Though there is certainly rivalry among the big three cities competing for productions, there is also common cause when it comes to tax credits. A staple for states like California, New York, and Georgia (and all of Canada), legislators hoping to create work in motion pictures and television offer various incentives for projects tied to the jobs they generate.
“I keep mentioning Cleveland and Cincinnati because they have their own film commissions that have been around longer than ours, and we all compete for the same pot of money,” Daugherty admitted. “But that’s also one of the areas where we’ve been working together, to raise that tax credit. We’ve increased it from $20 million to $40 million. However, because of the way the tax credit is structured, one production can come in a wipe that all out.”
Daugherty is advocating a restructuring of the program to ensure that doesn’t happen. He’d like to see something more in-line with what other states have done to protect their incentives and prevent huge projects from tapping the entire fund, thus cutting out smaller productions that really rely on it. Capping the maximum amount of credit per project, creating an earmark for Ohio-based productions, or pinning payouts to the number of permanent jobs created are all means used elsewhere to achieve the intended effect.
“Attracting film productions is fine, but that’s not all the tax credit was for. I think most legislators would agree it’s for cultivating and building businesses and production companies that live and breathe in the state,” he explained. “But that’s a process that takes time.”
Sometimes it’s the little things that impress. One concept created to help make Columbus more inviting for filmmakers is a simple card good for discounts on dining and transportation for visiting productions. Daugherty credits the “crew card” for recently drawing at least one producer’s attention away from Cleveland toward Columbus. Hospitality matters.
Investments aren’t always economic. Maintaining relationships with those working in the film industry with Columbus ties is also a long-term proposition, but one that Daugherty hopes can create a recurring series of projects.
“Growing relationships takes longer than landing one film. I’d like to see producers return with future films as well,” he said. “We’re also considering options for an expat incentive to lure filmmakers with local ties to return to Columbus—moving expenses perhaps, enough to give someone that last push they may need to move back.”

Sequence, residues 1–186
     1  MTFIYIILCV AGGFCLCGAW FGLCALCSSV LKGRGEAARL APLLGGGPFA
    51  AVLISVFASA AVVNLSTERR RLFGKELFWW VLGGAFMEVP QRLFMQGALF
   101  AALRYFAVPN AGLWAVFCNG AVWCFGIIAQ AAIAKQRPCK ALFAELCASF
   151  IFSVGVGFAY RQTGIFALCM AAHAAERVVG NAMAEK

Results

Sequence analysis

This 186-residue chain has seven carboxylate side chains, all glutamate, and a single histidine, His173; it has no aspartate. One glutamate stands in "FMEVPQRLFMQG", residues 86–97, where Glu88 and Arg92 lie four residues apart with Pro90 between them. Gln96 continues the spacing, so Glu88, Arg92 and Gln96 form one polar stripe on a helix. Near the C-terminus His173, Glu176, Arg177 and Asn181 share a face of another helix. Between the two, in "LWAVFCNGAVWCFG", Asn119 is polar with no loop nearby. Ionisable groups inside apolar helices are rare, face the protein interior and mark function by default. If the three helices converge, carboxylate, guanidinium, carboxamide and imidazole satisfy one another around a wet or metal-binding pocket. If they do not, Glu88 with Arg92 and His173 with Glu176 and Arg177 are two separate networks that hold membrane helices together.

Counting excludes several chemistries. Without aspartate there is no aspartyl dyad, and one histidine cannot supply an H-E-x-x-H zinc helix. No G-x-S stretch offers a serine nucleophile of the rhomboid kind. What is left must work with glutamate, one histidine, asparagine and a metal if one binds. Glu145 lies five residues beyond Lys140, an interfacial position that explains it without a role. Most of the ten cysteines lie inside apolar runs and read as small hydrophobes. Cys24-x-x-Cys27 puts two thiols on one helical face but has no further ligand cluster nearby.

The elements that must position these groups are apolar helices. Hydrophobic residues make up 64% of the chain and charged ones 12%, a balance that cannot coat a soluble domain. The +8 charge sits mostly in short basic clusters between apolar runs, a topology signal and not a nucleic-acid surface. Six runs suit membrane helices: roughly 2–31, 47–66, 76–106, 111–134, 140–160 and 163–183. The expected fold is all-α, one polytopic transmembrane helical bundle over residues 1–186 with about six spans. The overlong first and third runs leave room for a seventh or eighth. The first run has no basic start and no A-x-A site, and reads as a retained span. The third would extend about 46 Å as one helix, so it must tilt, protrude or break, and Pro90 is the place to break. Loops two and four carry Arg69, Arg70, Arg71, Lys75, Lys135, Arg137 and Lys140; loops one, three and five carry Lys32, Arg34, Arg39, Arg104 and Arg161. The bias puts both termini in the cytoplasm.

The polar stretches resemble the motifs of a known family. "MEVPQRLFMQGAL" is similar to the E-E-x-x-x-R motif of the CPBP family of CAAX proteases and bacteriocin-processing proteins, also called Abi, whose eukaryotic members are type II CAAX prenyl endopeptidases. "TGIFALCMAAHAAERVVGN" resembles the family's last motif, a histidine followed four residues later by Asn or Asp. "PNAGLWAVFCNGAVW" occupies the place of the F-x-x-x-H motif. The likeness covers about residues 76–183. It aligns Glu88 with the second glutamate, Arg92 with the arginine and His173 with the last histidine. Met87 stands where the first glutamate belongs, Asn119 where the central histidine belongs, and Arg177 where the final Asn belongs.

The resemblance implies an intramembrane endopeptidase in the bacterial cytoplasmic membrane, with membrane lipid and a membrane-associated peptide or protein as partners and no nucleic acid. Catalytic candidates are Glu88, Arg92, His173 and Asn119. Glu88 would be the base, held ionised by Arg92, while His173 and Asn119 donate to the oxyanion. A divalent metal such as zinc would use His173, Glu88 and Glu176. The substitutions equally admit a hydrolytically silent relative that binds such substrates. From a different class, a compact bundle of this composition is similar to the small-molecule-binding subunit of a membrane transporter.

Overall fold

Closing the crew gap is a key concern for the Columbus Film Commission. It’s difficult to attract and retain talent without enough work, and challenging to attract enough work unless we already have the local talent required.
“We can still supply smaller productions in Columbus, and larger ones by borrowing crew and equipment from surrounding cities,” he noted. “But a lot of our crew are also working in the commercial industry, which sometimes limits their availability for visiting film projects.”
Much like photographers who shoot weddings on the side so they can afford to follow their passion projects with less pressure to pay the bills, commercial filmmaking is the proving ground and steady paycheck for a lot of local filmmakers.
“That’s how we increase our pool of technical talent. I’d like to see more commercial work staying in Columbus instead of leaving,” Daugherty suggested. “Can you imagine the impact on the local film industry if Nationwide, Wendy’s, and Huntington all agreed to keep just one percent of their commercial business here in Central Ohio—the number of jobs that would create and freelancers that could support?”
Columbus is increasingly ready to jump from supporting character to starring role when the right opportunity comes along. Measures of success in film and television aren’t easy to pin down, but Daugherty has distilled all of these individual efforts down to a simple strategy.
“My goal is to get four films a year and a series of some sort. Between that and more commercial projects, we could keep 300 to 400 people working year round,” he said. “After that, there’s enough experience, equipment, and momentum to bring in bigger projects. That’s how you become a film city.”